MIDLAND & NATIONAL: Student contracts come under fire.
Oxford University's plan to get students to sign contracts promising they will work hard were criticised by Midland universities yesterday.
Warwick University said fear of unemployment after graduating was more a motivation for students than a "piece of paper telling them to do their homework".
And Aston University warned the contract, believed to be the first at a British university, was likely to prove "difficult to enforce".
Oxford announced it was going to get students to sign legally binding contracts requiring them to attend lectures and tutorials.
The move is prompted by concern that undergraduates paying raised tuition fees of pounds 3,000 a year from next September will in turn be more demanding of services they get.
Oxford University believes the contract will protect it against the threat of a growing litigation culture among under-graduates who get poor results.
But Peter Dunn, communications director for the Coventry-based university, said: "Students these days know they have to work hard because the employment market demands it.
"It is not like it used to be where you would be guaranteed a job. They have to come out of university not just with a degree but a damn good degree and an interesting CV."
Mr Dunn also warned drawing up contracts for students to sign could end up back-firing on universities.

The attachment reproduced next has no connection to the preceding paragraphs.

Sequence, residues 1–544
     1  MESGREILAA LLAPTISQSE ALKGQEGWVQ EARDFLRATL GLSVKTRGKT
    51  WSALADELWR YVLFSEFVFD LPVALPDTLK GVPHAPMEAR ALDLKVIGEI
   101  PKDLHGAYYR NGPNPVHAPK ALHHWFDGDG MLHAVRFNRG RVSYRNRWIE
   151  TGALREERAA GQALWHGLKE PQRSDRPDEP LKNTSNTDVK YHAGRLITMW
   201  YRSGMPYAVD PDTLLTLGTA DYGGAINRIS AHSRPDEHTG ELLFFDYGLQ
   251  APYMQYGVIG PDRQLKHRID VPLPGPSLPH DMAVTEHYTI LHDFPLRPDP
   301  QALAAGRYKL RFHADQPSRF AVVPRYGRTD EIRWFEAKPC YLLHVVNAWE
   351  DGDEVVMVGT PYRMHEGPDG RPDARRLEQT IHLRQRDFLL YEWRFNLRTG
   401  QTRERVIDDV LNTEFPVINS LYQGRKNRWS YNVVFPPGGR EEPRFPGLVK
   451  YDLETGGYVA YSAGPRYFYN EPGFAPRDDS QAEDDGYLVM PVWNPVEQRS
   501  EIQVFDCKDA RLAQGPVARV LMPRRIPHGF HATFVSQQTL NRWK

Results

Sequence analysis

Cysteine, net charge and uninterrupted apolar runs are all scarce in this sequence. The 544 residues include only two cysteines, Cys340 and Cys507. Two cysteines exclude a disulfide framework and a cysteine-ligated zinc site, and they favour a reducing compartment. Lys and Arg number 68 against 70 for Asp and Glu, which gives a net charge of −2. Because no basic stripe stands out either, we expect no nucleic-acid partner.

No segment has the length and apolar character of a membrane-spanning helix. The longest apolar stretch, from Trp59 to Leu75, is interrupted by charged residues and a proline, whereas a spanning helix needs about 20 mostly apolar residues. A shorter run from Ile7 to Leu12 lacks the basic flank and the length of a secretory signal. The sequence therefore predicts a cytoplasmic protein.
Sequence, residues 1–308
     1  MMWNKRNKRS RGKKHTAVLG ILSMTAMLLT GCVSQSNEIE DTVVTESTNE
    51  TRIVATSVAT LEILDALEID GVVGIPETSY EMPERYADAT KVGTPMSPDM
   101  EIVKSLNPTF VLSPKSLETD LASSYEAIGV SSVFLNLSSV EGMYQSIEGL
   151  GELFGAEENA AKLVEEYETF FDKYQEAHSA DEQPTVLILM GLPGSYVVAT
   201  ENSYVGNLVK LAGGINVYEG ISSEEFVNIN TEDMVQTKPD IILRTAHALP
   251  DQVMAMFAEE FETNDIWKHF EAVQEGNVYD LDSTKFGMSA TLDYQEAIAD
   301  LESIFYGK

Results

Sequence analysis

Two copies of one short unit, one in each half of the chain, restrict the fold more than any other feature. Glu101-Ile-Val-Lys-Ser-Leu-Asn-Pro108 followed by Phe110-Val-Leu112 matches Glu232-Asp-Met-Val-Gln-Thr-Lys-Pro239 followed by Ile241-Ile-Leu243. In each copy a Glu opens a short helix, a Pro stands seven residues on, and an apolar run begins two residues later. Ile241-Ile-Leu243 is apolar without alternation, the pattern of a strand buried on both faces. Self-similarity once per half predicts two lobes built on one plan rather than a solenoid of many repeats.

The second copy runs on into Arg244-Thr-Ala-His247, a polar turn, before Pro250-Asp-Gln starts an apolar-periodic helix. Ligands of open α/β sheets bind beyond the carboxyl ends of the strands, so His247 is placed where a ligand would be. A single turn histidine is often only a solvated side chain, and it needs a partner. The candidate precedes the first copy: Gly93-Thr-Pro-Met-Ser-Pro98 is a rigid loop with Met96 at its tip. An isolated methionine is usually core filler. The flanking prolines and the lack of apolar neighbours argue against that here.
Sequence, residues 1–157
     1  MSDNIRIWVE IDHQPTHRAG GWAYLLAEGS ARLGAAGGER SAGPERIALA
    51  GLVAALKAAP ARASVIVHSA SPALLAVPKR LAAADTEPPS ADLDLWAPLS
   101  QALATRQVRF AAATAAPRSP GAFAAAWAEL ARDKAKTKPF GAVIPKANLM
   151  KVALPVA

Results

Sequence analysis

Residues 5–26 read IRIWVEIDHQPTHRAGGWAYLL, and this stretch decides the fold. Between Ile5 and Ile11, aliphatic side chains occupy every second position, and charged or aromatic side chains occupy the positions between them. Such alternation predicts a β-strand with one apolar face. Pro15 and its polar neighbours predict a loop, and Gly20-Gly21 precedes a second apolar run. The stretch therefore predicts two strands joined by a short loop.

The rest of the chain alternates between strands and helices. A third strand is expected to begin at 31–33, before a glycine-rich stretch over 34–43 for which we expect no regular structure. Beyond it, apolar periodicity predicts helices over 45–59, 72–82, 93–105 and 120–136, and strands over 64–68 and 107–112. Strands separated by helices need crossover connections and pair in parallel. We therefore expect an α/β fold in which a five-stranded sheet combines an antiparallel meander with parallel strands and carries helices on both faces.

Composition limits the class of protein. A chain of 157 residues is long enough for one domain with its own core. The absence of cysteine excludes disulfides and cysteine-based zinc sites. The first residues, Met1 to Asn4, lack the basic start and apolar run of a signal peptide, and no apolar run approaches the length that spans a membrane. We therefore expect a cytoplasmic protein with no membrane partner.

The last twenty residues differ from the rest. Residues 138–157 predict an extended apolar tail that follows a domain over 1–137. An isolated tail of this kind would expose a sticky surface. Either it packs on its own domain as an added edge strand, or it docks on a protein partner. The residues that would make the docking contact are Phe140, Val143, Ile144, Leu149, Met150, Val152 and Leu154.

"Contracts work both ways," he said.
"Universities requiring them to sign such contracts will have to promise something themselves."
David Packham, secretary-registrar of Aston University, said institutions were entering a new era of potentially less harmonious relationships with students.
"Because of variable fees coming in this year we are very conscious that we have to be very clear what we say to students in terms of what we deliver both academically and in other services," he said.
"If you are paying pounds 3,000 a year and facing a debt of pounds 20,000 on graduating, you are going to make damn sure that the expectations the institutions give you will be delivered.
"All of us are concerned that there is going to be a much more litigious background. If we don't deliver there is the possibility they will take legal action against us.
"That is what is behind the Oxford move, but personally I think it will be difficult to enforce."
There are signs that students are already becoming more willing to sue universities they believe are failing to deliver following the introduction of tuition fees in 1998.
Four years ago the University of Wolverhampton paid pounds 30,000 in an out-of-court settlement to a student who claimed breach of contract.
He complained lecture halls were overcrowded and assignments set by tutors contained grammatical errors.
But Wolverhampton last night ruled out bringing in student contracts.
"We do not have any plans to follow Oxford's example," said a spokesman.
Oxford University's agreement commits students to attend lectures, write essays and pay tuition fees.
"It is intended as a template which has been recommended to colleges. The colleges aren't under any obligation to use it," said a spokeswoman.
"Students are expected to do a minimum level of study.
"In turn, colleges are expected to provide a minimum level of care and teaching."